Despite the controversies generated by the recent signing of the Companies and Allied matters (CAMA) Act 2020 into law, the new law is the most important business regulation in the country, as it has significant impact on doing business, competitiveness, attracting investments, and economic growth.
By Chikodi Okereocha
The Partner & Head Tax and Regulatory Services, PricewaterhouseCoopers, (PwC Nigeria), who spoke during a virtual ‘Capacity Enhancement Workshop for Journalists’, said the law is “good.”
He said, for instance, the new law made provisions for a single member/shareholder companies whereby a private company can be established with only one member or shareholder.
He said some of the key provisions and changes introduced by the new law, compared to the old version that had been in operation since 1990.
Oyedele said filing, share transfer and meetings can now be done electronically by private companies, just as Annual General Meetings (AGMs) could now be held virtually for companies.
CAMA 2020 also exempts small firms or those with single shareholders from the requirement to appoint auditors. Also, the requirement for appointment of a company secretary is now optional for private companies.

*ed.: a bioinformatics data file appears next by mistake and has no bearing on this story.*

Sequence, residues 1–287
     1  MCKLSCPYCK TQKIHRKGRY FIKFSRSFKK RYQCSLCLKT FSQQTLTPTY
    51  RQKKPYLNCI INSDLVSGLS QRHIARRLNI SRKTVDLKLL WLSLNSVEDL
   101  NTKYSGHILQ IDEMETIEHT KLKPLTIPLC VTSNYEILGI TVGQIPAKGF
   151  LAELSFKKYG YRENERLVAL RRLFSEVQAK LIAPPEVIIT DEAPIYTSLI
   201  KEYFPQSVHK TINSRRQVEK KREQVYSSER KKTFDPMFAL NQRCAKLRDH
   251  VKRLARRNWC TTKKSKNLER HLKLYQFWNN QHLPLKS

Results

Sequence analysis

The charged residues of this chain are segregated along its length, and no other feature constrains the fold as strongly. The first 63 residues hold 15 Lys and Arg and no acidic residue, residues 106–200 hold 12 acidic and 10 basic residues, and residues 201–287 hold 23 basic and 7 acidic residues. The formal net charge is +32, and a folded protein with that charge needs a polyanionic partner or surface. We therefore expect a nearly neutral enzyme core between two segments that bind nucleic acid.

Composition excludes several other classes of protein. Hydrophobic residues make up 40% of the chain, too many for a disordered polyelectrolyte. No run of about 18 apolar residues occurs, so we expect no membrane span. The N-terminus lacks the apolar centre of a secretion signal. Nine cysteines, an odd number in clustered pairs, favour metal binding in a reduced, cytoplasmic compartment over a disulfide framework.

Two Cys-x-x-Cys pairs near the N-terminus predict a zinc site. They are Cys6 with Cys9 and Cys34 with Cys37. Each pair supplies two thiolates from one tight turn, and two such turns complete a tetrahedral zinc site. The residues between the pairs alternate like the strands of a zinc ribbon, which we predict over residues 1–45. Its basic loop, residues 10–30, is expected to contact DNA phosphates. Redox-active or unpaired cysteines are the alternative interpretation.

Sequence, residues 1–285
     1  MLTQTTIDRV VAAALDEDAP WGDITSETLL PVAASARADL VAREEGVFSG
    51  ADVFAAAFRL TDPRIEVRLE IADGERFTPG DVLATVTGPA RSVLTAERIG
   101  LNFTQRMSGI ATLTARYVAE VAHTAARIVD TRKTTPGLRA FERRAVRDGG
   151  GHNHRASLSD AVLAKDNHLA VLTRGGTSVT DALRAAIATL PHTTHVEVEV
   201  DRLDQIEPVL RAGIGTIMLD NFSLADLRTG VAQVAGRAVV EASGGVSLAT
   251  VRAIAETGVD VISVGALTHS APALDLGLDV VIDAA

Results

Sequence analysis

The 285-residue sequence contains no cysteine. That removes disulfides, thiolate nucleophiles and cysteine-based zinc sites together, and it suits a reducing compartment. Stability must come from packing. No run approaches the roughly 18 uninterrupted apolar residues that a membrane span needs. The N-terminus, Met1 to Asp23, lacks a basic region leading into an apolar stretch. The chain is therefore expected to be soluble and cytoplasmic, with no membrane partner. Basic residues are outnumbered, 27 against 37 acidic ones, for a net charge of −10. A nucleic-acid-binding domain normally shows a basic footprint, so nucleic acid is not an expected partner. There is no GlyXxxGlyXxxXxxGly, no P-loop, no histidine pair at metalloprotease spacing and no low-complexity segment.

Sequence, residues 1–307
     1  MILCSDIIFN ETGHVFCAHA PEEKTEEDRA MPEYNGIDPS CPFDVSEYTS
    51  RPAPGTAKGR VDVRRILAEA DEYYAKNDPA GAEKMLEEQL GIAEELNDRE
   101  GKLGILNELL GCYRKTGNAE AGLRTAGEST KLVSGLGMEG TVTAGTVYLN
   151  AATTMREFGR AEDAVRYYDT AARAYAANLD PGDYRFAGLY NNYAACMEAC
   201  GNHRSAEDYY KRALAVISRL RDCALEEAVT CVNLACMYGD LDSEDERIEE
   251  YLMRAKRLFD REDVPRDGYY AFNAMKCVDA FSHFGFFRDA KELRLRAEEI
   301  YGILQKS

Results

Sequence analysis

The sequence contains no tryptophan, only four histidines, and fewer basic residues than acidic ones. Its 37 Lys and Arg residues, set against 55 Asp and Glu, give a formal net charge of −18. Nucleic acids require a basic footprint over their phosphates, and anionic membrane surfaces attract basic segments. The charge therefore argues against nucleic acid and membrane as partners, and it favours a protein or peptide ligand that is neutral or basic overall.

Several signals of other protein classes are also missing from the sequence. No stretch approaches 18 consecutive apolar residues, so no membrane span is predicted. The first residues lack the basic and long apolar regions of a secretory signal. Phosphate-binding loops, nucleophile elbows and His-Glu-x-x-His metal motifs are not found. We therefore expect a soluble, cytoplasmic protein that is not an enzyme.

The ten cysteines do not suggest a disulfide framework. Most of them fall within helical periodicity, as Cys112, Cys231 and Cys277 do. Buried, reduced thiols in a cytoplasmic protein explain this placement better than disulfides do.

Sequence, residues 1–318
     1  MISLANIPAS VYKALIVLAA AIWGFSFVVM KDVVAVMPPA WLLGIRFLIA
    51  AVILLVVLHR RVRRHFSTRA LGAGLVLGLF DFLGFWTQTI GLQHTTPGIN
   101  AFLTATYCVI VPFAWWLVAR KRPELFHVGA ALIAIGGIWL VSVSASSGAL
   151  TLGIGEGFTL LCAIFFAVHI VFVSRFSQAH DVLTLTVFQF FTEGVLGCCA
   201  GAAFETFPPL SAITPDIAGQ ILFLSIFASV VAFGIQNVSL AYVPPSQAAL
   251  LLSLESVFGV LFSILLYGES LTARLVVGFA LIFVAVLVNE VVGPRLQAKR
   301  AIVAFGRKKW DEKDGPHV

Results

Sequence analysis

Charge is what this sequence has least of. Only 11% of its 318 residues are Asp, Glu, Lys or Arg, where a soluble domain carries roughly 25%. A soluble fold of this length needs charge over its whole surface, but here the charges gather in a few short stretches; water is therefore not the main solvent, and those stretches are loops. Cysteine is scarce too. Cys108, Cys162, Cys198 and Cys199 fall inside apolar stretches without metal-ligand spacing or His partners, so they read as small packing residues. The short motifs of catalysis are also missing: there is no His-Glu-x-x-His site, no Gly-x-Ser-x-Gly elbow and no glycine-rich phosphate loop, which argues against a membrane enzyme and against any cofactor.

He also pointed out that the new law allowed the introduction of limited partnerships and limited liability partnerships in Nigeria which provides the organizational flexibility and tax status of a partnership with the limited liability of members of a company for partnerships.
improve its ease of doing business index.
Authorised share capital has also been replaced with minimum share capital, meaning that promoters of a business do not need to pay for shares that are not needed at a specific time with the introduction of minimum share capital provision.
The PwC’s tax head also said the new law “Protects minority interest even as it has administrative arrangements to rescue a company or help it achieve better results.”
Indeed, for a company in distress, the Act introduced a framework to keep it alive as against allowing the company to become insolvent with respect to company’s voluntary arrangements, administrations and netting.
Oyedele in his presentation titled “CAMA 2020: Nigeria’s Competitiveness and Ease of Doing Business,” however, stated that going forward, there is the need to gazette the law in line with the Authentication law with a future commencement date to facilitate ease of transition.
He also emphasised the importance of effective implementation, and noted the need to harmonise CAMA with other laws such as the Companies Income Tax Act (CITA), which, according to him, still requires audited accounts by all companies regardless of size. “In addition, more flexibility is required for foreign companies who wish to operate business in Nigeria such that a branch registration should be permitted while incorporating a subsidiary will be optional.
“It is also necessary to ensure that the new law is kept under constant review with more frequent amendments or re-enactment say every five years,” Oyedele advised.